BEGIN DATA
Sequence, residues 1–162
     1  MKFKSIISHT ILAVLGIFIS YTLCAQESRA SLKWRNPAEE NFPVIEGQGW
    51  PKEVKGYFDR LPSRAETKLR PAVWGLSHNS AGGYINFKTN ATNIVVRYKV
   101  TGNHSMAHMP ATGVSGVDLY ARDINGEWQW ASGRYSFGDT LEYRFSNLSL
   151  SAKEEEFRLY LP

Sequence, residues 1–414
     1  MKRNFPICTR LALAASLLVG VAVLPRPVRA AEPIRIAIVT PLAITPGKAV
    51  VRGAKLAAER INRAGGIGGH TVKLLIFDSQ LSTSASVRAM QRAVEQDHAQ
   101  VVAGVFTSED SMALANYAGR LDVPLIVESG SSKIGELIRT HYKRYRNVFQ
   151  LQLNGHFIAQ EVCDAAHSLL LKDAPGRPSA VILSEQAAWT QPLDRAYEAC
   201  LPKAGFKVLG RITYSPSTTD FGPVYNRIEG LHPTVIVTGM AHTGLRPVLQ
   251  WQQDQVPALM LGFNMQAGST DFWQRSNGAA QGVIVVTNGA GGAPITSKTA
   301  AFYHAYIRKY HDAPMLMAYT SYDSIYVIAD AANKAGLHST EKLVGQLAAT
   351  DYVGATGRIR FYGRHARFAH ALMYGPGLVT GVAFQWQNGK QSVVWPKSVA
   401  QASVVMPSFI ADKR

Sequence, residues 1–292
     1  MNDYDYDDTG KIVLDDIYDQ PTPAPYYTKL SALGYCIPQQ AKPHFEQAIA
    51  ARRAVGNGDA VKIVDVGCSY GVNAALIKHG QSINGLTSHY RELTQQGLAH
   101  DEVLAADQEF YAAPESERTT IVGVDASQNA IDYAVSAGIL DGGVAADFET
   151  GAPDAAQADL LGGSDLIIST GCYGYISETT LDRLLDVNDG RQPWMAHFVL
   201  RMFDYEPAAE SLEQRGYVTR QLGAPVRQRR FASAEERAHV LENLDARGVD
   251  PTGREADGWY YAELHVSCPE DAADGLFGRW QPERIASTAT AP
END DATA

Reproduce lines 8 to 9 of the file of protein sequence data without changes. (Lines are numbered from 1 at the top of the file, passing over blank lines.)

    51  VRGAKLAAER INRAGGIGGH TVKLLIFDSQ LSTSASVRAM QRAVEQDHAQ
   101  VVAGVFTSED SMALANYAGR LDVPLIVESG SSKIGELIRT HYKRYRNVFQ